For the Lord will not cast off His people, neither will He forsake His inheritance. — Psalm 94:14

…for He hath said, I will never leave thee, nor forsake thee. — Hebrews 13:5

There is no one holy like the Lord; there is no one besides you; there is no rock like our God. — 1 Samuel 2:2

So let the changes come. We will not walk in fear, but in faith. Yes, prepare yourself: trust God to help us and to bless our work.

Powell Neighborhood Revitalization Initiative

August 01, 2015 By: St. John’s Category: News, Outreach, Projects No Comments →

A few months ago St. John’s agreed to team up with Mountain Spirit Habitat for Humanity in a new project known as Powell Neighborhood Revitalization Initiative, or PNRI.  Megan Nickles approached St. John’s Outreach Committee about this project.  We all concurred that this would be purpose-filled work for the Outreach Committee to help Powell residents improve the exterior of their homes and make other needed repairs for safety and comfort.  Our goal is to help home-owners preserve their homes and revitalize their neighborhoods.  Habitat/St. John’s will provide a list of work needed and a financial estimate.  Because we work with volunteers and sponsors we expect our estimates to be affordable.  Habitat offers non-interest bearing loans for up to five years.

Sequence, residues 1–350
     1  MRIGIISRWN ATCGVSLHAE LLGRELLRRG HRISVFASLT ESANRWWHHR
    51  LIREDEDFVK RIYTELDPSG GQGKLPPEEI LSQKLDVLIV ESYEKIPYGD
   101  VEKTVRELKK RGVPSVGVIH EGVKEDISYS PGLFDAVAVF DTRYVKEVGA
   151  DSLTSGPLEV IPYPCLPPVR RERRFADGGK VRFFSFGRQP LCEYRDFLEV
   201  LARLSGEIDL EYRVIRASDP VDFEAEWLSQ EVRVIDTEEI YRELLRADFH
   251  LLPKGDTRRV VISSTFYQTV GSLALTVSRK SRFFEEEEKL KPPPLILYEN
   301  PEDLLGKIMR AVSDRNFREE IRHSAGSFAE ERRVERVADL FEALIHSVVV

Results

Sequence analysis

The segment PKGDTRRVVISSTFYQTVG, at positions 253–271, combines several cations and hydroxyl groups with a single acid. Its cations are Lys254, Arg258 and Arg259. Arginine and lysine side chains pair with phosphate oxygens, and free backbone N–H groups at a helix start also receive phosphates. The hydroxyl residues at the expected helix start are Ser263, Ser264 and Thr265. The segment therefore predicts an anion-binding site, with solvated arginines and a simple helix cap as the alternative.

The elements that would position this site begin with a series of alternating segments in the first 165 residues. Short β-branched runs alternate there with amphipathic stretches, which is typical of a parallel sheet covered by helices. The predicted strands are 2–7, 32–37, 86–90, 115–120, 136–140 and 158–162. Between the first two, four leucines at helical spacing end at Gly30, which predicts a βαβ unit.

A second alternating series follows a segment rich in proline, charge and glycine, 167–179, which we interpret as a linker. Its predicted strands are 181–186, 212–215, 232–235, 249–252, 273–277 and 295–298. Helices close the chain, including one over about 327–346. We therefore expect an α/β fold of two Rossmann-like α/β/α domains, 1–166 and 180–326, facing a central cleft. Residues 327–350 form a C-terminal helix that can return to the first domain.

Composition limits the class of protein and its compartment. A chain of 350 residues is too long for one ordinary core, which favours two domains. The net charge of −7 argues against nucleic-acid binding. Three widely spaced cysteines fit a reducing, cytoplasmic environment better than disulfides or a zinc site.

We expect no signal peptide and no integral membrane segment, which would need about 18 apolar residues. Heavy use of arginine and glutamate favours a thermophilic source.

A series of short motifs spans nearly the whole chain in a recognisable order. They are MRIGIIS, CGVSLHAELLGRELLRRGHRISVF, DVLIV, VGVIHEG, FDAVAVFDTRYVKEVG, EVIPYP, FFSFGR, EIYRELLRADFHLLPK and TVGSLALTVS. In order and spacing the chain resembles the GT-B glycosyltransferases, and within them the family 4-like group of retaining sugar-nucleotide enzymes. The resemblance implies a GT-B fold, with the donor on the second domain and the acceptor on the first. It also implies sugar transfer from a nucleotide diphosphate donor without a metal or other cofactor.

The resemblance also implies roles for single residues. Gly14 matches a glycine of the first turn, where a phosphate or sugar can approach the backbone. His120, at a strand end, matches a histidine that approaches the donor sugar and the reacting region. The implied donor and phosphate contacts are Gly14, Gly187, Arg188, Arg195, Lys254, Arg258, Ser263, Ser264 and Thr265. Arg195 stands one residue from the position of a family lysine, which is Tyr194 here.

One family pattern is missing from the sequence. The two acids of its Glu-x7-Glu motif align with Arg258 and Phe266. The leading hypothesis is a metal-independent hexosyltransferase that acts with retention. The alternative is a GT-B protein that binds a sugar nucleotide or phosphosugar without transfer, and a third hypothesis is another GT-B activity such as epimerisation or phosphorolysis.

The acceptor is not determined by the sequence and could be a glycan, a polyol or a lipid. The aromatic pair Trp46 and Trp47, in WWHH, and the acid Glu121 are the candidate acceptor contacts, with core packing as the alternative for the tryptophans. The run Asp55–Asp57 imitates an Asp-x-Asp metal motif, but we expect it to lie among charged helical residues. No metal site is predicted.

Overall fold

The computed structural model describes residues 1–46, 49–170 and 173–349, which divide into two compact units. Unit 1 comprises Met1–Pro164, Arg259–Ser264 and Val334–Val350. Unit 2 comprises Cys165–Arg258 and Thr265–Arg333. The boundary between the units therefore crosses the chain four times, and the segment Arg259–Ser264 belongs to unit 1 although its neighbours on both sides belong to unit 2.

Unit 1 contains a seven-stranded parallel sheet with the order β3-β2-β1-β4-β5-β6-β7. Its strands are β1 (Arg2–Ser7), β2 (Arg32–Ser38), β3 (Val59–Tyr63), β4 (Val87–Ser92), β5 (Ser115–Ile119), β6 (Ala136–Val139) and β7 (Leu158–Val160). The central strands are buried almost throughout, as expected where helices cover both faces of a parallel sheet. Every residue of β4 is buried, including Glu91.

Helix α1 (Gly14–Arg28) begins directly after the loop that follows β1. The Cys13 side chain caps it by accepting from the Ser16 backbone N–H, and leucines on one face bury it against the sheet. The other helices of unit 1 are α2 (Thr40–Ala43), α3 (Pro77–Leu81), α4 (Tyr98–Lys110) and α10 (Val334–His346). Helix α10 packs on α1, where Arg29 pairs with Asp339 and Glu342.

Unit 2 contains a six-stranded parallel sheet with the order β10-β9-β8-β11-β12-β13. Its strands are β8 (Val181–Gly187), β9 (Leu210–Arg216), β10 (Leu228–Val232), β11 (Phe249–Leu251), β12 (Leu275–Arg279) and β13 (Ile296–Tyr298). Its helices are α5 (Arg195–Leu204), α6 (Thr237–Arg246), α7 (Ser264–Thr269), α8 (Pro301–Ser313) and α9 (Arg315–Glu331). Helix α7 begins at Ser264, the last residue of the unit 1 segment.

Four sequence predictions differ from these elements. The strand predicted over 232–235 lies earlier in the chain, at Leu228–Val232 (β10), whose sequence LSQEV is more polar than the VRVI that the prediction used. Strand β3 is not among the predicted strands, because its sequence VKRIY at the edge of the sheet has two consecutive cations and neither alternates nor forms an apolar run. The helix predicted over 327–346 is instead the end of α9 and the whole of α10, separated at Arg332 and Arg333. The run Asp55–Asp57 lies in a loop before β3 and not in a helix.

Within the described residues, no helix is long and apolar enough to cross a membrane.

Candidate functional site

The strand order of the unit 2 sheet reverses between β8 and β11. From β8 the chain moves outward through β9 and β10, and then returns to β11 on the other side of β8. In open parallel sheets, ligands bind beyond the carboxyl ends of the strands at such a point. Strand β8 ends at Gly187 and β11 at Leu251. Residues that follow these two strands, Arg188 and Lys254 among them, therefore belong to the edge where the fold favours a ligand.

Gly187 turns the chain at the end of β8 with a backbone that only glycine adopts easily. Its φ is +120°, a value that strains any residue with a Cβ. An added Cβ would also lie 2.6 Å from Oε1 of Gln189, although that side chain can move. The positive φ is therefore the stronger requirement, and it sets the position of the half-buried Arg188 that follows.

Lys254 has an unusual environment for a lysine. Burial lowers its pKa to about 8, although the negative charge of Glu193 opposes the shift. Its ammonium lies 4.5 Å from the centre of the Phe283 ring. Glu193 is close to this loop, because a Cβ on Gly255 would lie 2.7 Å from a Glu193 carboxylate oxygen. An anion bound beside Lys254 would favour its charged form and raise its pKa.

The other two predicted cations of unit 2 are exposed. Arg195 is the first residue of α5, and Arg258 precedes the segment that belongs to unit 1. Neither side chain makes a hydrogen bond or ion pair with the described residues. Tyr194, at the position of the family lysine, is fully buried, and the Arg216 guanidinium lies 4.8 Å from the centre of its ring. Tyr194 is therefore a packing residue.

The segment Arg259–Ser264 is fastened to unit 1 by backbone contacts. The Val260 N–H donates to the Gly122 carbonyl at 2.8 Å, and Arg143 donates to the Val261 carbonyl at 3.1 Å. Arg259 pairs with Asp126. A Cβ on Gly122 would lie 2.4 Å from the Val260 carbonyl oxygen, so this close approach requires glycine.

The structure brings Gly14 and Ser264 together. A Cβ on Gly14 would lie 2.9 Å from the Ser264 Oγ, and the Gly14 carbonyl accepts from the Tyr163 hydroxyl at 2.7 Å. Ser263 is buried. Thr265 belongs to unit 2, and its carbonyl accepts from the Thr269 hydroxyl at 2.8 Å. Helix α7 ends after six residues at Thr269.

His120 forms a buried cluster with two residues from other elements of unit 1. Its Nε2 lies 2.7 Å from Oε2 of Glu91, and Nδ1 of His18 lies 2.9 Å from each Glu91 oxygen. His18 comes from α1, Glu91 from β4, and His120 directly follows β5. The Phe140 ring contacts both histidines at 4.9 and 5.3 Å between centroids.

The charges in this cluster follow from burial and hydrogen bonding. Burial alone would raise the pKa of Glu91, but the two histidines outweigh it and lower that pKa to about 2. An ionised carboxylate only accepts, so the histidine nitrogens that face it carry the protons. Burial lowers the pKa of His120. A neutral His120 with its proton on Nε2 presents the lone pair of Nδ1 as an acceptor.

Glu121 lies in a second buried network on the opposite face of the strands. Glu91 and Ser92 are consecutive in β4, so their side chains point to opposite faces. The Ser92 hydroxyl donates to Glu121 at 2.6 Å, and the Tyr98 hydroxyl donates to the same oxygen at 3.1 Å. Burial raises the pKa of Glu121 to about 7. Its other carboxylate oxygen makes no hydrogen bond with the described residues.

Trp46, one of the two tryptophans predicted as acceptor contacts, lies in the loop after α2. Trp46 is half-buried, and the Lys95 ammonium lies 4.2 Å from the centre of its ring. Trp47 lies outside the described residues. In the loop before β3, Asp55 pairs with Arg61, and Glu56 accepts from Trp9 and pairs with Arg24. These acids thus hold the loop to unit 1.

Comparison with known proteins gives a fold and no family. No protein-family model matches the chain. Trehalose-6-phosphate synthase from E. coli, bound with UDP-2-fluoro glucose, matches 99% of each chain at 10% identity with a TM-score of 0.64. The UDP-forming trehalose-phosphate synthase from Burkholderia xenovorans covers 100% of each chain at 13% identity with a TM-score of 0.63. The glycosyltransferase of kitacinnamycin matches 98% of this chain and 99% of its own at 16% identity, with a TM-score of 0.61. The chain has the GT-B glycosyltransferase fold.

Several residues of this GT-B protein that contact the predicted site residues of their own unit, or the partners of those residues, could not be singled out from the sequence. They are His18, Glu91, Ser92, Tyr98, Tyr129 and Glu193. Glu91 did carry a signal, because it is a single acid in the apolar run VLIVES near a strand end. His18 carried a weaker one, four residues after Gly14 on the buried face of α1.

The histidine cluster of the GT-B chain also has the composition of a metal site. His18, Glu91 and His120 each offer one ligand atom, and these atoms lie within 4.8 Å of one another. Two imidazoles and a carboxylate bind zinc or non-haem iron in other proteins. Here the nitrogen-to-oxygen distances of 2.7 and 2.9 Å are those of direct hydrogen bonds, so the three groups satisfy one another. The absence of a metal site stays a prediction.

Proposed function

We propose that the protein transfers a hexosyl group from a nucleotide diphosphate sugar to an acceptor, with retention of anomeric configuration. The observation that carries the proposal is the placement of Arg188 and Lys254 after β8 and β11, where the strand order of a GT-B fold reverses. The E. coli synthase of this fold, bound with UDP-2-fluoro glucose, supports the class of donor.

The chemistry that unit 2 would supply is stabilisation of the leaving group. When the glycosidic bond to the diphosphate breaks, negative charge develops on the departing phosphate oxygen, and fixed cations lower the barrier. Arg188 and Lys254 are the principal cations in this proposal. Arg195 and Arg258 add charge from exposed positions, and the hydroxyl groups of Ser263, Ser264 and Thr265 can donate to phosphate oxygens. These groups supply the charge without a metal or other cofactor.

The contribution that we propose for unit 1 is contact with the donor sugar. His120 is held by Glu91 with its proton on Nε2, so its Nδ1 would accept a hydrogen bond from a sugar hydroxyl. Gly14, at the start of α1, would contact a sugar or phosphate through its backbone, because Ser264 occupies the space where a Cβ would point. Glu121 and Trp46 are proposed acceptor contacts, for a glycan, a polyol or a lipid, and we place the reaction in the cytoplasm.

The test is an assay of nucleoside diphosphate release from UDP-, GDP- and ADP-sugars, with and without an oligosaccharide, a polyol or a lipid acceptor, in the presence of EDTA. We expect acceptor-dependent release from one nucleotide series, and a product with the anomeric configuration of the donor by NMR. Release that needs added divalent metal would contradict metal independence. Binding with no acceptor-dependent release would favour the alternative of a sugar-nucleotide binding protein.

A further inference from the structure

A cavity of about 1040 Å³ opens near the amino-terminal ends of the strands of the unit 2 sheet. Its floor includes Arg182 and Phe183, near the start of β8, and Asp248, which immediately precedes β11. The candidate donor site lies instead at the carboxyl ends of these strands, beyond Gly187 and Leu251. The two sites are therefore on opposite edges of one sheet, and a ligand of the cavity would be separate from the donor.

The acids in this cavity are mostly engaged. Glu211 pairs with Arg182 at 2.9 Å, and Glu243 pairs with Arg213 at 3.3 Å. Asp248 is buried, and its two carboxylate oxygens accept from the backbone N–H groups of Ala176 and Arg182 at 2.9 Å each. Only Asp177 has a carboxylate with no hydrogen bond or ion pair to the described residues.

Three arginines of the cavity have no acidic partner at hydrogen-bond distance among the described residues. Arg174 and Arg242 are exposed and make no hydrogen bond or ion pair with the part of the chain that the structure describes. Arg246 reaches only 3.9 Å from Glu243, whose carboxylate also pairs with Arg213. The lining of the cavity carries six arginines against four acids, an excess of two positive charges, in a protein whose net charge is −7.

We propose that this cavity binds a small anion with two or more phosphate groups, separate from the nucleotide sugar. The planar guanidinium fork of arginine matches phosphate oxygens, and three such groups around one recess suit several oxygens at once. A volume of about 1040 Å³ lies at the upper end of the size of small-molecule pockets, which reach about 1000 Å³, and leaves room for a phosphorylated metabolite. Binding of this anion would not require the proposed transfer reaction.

We have identified homes that appear to need exterior work, such as paint, safer entrances and yard repair.  This week we mailed letters to identified home-owners, inviting them to attend a meeting at St. John’s on Saturday morning, September 19th, at 10:00 a.m.   We hope a number of those receiving letters will attend this meeting and complete applications.  Our next step would be to schedule visits with the interested applicants at their homes to decide what work needs to be done, including details and timelines for accomplishing the work.